There’s another reason why I struggle, and that is that I don’t need to stand up here and tell you that a fetus is a baby. And the reason that I don’t need to tell you that is that every single adult in America knows that. We know that it is true logically. We know that it is true biologically. It certainly is also true theologically. Everybody knows it. Everybody knows that if Mary had had an abortion she would have killed the baby Jesus. And so I don’t need to spend a whole lot of time on that. I also struggle because I did not want to re-preach a message that I preached here many years ago showing that the 64-page document written by the Justice Blackman of the Supreme Court is filled with absurdities and inconsistencies, and that the Supreme Court actually made up the right out of thin air, and the right of privacy was never intended as the right to kill.
So what I’m going to do today is just a little different. I’m going to look at our society as a whole, recognizing that abortion is only one root of a very rotten tree. And the tree’s roots actually have to do with the change in our nation as to how they view God. Specifically, the change comes about because we no longer believe in the living and the true God as a nation, but we have substituted ourselves as God. Self has taken the place of God, and that is the heart not only of the abortion matter, but all kinds of other social ills that plague this country.
You see, when we decide that we are going to be the standard by which everything is judged, then what we seek is personal convenience—whatever satisfies me. To quote the words of Woody Allen, who has a sexual relationship with Mia Farrow’s adopted daughter, “The heart wants what it wants. And whatever I want I’m going to get because the heart wants what it wants.” Personal convenience and also instant gratification! Instant gratification! Not only does the heart want what it wants, but it wants it right now. And that’s why a jogger can be running in Grant Park and attacked by some youths who tried to stab her and slit her throat so that they could get her money, because the heart wants what it wants, and it wants it right now at anybody else’s cost.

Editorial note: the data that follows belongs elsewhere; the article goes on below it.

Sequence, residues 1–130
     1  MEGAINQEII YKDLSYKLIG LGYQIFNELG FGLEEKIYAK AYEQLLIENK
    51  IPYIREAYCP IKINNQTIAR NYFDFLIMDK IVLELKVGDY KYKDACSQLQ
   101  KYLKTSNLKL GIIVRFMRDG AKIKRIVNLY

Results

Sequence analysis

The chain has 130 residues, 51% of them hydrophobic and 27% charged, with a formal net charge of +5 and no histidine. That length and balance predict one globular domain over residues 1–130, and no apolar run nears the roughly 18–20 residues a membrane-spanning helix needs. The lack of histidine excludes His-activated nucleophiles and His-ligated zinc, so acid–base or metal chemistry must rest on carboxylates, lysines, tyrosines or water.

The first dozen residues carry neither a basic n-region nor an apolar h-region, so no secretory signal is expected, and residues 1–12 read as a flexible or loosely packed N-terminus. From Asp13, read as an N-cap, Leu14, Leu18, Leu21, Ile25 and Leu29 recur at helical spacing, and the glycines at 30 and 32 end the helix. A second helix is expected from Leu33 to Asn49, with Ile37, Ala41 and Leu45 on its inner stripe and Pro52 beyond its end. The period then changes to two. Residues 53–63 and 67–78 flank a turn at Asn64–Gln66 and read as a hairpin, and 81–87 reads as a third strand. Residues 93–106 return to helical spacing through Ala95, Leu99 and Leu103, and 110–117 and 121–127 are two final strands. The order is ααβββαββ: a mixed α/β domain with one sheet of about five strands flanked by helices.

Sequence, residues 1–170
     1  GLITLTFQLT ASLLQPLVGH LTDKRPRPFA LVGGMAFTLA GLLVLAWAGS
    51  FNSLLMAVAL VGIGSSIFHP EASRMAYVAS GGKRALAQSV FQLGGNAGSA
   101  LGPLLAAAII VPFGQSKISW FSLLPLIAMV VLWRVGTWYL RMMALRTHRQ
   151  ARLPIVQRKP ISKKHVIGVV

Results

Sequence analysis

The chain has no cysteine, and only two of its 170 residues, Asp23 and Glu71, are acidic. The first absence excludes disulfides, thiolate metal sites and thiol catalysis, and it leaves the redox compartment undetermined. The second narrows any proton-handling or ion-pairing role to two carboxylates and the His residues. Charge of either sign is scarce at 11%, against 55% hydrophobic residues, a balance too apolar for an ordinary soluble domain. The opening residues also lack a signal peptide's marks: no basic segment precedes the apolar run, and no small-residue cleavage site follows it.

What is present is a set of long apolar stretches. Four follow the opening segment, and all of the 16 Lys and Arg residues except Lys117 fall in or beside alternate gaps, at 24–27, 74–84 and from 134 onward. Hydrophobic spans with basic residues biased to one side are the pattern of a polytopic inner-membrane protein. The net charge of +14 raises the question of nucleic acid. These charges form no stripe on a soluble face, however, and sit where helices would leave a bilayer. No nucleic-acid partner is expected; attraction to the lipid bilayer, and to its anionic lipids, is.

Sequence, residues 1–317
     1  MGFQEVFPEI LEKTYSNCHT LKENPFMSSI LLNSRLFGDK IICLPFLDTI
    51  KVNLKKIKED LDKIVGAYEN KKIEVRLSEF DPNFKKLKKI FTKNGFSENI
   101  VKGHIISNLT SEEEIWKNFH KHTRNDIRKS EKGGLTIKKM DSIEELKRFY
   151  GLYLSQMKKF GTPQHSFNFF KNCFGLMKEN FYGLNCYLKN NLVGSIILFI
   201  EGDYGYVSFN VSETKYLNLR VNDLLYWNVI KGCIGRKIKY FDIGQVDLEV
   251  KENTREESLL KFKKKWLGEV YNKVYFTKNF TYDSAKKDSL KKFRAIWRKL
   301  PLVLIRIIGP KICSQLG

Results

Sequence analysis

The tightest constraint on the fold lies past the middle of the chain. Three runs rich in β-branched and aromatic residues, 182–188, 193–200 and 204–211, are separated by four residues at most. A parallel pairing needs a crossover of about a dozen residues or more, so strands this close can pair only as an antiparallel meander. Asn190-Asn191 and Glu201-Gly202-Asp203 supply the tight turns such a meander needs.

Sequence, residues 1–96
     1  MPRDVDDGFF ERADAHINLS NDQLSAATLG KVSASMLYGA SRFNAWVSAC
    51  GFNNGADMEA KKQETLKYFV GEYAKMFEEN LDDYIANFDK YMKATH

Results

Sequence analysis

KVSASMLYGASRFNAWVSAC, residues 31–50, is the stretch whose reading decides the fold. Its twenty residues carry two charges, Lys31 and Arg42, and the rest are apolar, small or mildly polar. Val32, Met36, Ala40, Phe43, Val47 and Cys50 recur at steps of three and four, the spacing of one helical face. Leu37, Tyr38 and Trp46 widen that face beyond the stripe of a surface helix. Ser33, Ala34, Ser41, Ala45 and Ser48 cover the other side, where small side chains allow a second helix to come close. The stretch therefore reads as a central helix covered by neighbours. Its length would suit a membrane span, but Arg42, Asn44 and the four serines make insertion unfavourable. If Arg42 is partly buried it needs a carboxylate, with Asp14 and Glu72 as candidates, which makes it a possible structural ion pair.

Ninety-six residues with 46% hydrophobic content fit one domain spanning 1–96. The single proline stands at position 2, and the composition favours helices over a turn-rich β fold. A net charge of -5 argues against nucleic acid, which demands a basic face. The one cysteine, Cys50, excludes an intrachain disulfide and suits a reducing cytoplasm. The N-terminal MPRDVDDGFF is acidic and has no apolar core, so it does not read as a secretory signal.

Now, what we’re going to do this morning is take a little tour. You like tours, don’t you? We get to go to different places but we’re going to be touring a couple of chapters from the Old Testament. We’re not very used to the Old Testament, are we?
I’m going to ask you to turn to Isaiah, chapter 5, to take this tour with me, and it won’t be long. This is not a two-week tour like going to the Bahamas. It’ll be brief. But if you do not have a Bible with you, perhaps the person sitting next to you does because it is a tour that would be much easier to take if you had an open Bible. The Old Testament book of Isaiah, chapter 5.